(Photo of children at Metsiamanong, CKGR settlement at nightfall)

I ended up giving away half of my lunch, including an untouched package of grapes :( but I guess it was worth it. I don't think they'd ever had grapes or tuna fish before. The whole lunch hour(s), I couldn't help but feel strange about the whole situation. Coming from a new generation of do good-ers who don't do hand outs, it was strange to feel as though this situation called for it. They didn't beg or ask or whine, they merely accepted with gratefulness not only mine but everyone else's leftovers. I found myself wondering if I was doing the right thing, and brainstorming all the negative potential consequences of my actions. Was I demasculating the father? Encouraging a bad stereotype? Increasing dependence? making them feel inferior? What if one of them had an allergic reaction? Or choked? What if god forbid, I caused a death???! (Photo: my friend Dikgologo (meaning "environment") and her friend in Metsiamonong. She said her mom sent them here so they wouldn't get pregnant. Her friend responds to this with a crumped face and an indignant, "they're just jealous")

In the end I decided this is a situation where no amount of theorizing could produce a right answer. This was one of those times where the right decision could only come from being in the right moment at the right time. I realized that, like many of the other experiences I've had here, I could never prepare myself mentally or anticipate every need because the situation is so new, different, and unexpected. All I can do is make the decision to jump in head first, all in and hope that whatever wits and resources I have around me will be enough to save me when I start flailing.
(Photo of Mma Selena and her kids at Kikao. The very clueless child took this one)

It's strangely exhilarating to be a part of something so foreign when you've deluded yourself into thinking that you've already seen everything this world has to offer. It's even more exhilarating to realize that the only way you were able to experience this new thing was by being in it and not just watching it. This is truly not tourism, though I've certainly passed by my share of tourists during my time here, this is peace corps and all the crazy mysterious and sometimes kooky and humbling situations being a PCV puts you in. (Photo: Kids run amuck in the truck at Old Xade while we're waiting to leave for the morning)

So, peace corps, this point goes to you. Couldn't be here doing this thing no white person has ever done without you. And yes, in this situation, I am white. (Though people in Kikao all thought I was Chinese. If I don't correct ppl, does that mean peace corps and America loses the credit, and therefore I am not doing my job?)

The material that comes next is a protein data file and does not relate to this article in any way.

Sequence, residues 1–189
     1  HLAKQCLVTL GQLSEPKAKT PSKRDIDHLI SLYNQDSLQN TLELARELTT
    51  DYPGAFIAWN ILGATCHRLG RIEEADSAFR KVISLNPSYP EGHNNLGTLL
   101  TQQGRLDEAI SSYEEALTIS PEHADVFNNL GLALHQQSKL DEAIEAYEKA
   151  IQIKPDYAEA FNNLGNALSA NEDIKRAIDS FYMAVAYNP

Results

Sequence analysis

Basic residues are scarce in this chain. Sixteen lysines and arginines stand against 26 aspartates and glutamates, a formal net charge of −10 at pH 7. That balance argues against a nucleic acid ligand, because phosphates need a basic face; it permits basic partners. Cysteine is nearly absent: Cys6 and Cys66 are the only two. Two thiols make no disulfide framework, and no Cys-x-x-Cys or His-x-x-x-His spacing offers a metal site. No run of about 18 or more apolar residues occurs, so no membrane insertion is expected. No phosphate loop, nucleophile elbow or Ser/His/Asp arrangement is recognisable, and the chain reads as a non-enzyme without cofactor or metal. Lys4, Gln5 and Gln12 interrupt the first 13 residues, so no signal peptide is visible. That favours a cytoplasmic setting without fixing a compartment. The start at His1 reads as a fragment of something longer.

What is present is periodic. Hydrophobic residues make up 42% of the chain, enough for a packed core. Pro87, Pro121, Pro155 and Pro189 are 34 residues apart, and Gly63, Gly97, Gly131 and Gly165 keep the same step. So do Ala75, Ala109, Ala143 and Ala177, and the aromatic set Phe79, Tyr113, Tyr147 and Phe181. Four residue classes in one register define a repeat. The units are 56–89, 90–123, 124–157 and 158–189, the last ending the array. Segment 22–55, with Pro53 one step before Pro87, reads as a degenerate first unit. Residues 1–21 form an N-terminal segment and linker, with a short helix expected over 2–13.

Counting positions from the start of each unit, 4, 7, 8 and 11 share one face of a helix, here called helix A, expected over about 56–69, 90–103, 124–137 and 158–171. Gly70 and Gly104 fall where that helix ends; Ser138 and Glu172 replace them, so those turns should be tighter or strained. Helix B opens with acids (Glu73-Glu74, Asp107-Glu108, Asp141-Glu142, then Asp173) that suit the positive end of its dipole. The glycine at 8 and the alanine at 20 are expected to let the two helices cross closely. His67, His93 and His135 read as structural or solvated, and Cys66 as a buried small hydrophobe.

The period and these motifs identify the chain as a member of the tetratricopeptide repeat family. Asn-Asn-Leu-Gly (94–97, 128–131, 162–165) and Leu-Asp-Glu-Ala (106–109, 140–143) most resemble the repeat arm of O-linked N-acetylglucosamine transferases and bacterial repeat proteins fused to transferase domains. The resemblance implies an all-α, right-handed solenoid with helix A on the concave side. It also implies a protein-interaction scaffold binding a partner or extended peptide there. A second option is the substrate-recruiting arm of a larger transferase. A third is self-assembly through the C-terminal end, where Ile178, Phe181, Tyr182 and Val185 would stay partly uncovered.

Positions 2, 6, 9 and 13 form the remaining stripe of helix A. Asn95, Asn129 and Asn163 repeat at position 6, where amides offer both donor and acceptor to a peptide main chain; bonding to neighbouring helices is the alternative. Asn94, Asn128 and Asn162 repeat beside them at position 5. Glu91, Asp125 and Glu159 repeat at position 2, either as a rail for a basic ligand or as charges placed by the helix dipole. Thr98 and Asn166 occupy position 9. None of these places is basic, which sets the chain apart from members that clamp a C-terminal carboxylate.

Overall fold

P.S. students are definitely not melancholy anymore. They can't seem to stop talking to each other. It's fascinating watching teenagers flirt after being separated from each others for so long. I guess some behaviors are universal.

Friday, April 1, 2011


Hopefully by this time tomorrow, I’ll be on my way to the CKGR again, this time to collect the kids. I have my reservations about this trip—I mean reservations in addition to the normal concerns about getting into a truck and entering a roadless, waterless, network-less land with nothing but open skies and lions to keep you company. At least this time I know what practical challenges I have in front of me. I have reservations because this is a “Pick-Up” trip, not a “Drop-Off” trip. As my friend Cherry explained to me today, Drop-Offs are drastically different from Pick-Ups. In Drop-Offs, the kids are excited to go home. They sing, they scream, they dance, and they yell the driver’s name whenever we get within 30km of a settlement. In Pick-Ups, the kids are terrified of going back. They scream, they scream, they scream, and, I’m told, if they have the guts, they scream while they run away. My counterpart says she doesn’t have time for that—it’s either get on or get left behind. If someone runs away, she’s not going after them. There’s some wisdom to that attitude, there’s also some callousness. If I absolutely had to choose one camp or the other, I think I’d say it was wisdom, I’d choose to leave them behind. To be honest, there are too many kids to pick up and the CKGR is too big to go looking for just one. If I had to leave my comfortable home and my warm, happy family for a cold, unfamiliar, and anonymous hostel, I’d scream and run away too. But don’t tell Cherry I said that. Who knows, my opinion may change.

Cherry says that some people here just don’t care about the San children. I can see that. On my trips to Ghanzi, I see the kids picking through their garbage in their tattered, dirty clothes, asking for money, licking old Styrofoam lunch trays like dogs. People ignore them, myself included. It’s just what we do. The other day, I saw a safari bus in front of the white-person grocery store. The kids swarmed it like a pack of vultures on a corpse, next thing I know, the kids are inside the bus exploring the seats, the windows, the engine. The amused and/or terrified Lekhoa (White people or, literally translated, Ocean Vomit) are lounging with them, talking to them, hoping, I’m guessing, to inspire them to pursue another life.